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Timeless riffs of Ernie Ranglin

By Howard Campbell
Observer senior writer

Monday, June 19, 2017

This is the seventh in our daily series highlighting 55 Jamaicans who broke down barriers and helped put the country on the world stage. Each day one personality will be featured, culminating Independence Day, August 6.

 

Easily one of the most influential musicians in Jamaica, Ernie Ranglin has distinguished himself as a guitarist, arranger, and bandleader.

Ranglin, who turns 85 today, played a pivotal part in the burgeoning music industry. The Manchester-born maestro worked clubs and recording studios prior to Jamaica's Independence in 1962, and was instrumental in crafting many songs from that period.

In 1964 Ranglin arranged Millie Small's My Boy Lollipop, a ska song that went to number two on the British national chart.

That year he played the timeless jazz riffs on The Wailers ballad It Hurts to Be Alone.

As a session musician, Ranglin was a prolific freelancer. He was one of the first employees for Island Records, and also worked for rival producers Clement “Coxson” Dodd and Arthur “Duke” Reid.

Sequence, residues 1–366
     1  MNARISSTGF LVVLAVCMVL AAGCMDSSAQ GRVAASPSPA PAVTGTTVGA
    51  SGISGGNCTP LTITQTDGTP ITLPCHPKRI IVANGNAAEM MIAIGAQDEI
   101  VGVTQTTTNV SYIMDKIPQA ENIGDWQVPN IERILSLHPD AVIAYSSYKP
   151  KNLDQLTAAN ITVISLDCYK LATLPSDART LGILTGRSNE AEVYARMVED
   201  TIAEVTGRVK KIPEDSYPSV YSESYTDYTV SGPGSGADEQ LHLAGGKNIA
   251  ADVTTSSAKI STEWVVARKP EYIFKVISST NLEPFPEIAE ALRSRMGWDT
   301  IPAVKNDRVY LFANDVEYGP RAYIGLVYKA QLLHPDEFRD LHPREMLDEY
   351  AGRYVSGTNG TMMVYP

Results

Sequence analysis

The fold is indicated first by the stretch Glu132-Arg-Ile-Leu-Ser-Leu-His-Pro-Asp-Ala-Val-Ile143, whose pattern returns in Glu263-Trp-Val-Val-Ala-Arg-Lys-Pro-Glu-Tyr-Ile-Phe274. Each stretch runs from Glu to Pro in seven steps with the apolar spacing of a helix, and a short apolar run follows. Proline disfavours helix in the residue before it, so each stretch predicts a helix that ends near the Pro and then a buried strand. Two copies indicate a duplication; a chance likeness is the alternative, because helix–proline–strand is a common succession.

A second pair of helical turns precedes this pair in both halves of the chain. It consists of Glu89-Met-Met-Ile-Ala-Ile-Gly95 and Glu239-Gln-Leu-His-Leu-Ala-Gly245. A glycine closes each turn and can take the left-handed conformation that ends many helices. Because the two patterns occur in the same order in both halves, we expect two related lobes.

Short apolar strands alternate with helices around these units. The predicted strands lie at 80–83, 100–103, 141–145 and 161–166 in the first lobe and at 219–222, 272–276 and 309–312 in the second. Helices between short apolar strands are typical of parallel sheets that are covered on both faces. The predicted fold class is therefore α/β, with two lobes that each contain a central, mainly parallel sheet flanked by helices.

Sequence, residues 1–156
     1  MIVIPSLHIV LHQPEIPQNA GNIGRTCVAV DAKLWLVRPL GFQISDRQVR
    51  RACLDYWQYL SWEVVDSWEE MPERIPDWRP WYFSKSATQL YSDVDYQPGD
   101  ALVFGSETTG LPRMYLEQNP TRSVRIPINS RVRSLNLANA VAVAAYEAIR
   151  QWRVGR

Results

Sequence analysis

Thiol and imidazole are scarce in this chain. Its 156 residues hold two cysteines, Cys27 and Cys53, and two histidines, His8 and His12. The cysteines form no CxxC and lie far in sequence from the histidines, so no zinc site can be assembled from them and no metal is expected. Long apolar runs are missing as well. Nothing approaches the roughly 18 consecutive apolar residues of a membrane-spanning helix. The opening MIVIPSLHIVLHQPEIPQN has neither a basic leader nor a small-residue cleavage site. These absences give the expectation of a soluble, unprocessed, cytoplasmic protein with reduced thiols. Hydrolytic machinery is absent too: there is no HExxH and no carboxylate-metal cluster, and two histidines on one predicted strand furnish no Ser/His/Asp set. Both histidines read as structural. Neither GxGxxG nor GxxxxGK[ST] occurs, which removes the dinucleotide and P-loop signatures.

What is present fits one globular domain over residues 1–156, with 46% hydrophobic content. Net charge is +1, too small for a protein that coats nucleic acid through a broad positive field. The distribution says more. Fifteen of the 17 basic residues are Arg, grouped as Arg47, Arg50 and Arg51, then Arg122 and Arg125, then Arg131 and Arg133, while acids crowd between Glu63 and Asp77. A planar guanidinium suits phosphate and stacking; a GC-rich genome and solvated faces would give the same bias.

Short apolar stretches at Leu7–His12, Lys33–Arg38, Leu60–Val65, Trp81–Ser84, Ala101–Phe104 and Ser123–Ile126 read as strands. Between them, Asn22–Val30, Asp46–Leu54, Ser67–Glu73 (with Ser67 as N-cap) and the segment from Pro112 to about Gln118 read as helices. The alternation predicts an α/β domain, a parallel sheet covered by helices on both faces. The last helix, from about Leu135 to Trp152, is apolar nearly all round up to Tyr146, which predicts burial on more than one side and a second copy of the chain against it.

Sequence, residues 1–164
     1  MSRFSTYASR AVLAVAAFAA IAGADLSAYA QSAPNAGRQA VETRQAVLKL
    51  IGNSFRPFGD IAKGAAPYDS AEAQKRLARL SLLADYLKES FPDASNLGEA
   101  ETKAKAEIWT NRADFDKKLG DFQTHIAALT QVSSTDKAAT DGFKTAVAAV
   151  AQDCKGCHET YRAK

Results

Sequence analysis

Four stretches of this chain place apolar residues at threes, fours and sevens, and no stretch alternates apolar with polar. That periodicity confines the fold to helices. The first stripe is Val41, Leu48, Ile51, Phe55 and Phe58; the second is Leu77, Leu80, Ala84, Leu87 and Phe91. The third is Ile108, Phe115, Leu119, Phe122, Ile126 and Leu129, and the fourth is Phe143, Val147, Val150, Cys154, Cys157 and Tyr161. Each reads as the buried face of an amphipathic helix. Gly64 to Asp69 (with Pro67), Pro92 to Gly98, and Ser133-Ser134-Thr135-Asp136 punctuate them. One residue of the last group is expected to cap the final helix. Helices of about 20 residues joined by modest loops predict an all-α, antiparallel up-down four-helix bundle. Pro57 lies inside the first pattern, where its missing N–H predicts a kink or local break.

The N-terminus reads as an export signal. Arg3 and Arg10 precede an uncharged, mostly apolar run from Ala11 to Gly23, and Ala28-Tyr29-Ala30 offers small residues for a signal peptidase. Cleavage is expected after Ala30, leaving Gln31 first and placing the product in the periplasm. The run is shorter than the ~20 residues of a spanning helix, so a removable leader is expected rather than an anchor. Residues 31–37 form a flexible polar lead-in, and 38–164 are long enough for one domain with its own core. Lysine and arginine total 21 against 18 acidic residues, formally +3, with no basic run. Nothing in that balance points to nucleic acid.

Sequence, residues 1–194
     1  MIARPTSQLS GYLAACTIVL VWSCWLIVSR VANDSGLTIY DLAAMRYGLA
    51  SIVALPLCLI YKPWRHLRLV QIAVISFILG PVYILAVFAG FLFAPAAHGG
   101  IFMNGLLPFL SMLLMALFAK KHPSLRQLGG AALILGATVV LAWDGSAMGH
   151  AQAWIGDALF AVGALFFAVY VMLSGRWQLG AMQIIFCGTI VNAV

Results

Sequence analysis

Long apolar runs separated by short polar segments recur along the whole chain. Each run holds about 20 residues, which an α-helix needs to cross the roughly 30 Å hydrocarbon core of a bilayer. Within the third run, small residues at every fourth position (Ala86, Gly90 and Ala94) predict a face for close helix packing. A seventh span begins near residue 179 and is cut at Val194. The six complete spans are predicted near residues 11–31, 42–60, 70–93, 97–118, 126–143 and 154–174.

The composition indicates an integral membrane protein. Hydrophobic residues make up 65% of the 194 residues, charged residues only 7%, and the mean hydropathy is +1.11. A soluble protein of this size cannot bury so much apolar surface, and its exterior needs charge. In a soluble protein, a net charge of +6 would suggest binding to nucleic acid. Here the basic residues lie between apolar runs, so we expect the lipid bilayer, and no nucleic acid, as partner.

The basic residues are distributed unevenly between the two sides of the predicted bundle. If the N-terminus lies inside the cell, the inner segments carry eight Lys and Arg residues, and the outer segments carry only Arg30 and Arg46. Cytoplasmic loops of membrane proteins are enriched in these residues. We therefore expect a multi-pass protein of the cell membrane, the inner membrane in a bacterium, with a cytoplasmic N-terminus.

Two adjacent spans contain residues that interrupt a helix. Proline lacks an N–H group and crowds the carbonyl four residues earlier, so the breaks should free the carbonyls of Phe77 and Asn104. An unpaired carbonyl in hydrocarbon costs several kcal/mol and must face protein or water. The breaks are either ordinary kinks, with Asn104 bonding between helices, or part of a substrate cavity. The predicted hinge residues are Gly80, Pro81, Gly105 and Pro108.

Ranglin was once musical director for Jimmy Cliff's band, and during the 1990s, he collaborated with diverse acts including jazz pianist Monty Alexander and singer Baaba Maal of Senegal.

In an interview with the New York Times in 1997, Joe Gore, a writer for Guitar Player magazine, saluted Ranglin.

“Simply put, Ernest Ranglin is a great guitar player who has earned a place in history as one of the innovators of a globally influential style. Not only that, he is also a very gifted post-be-bop player in his own right, and late in his career he has now found a way to integrate the two in unprecedented fashion, doing jazz improvisation using some of the grooves, tones and procedures associated with Jamaican pop.''

Last year, Ranglin announced that he will be cutting back on overseas touring. But this guitar man will keep on playing.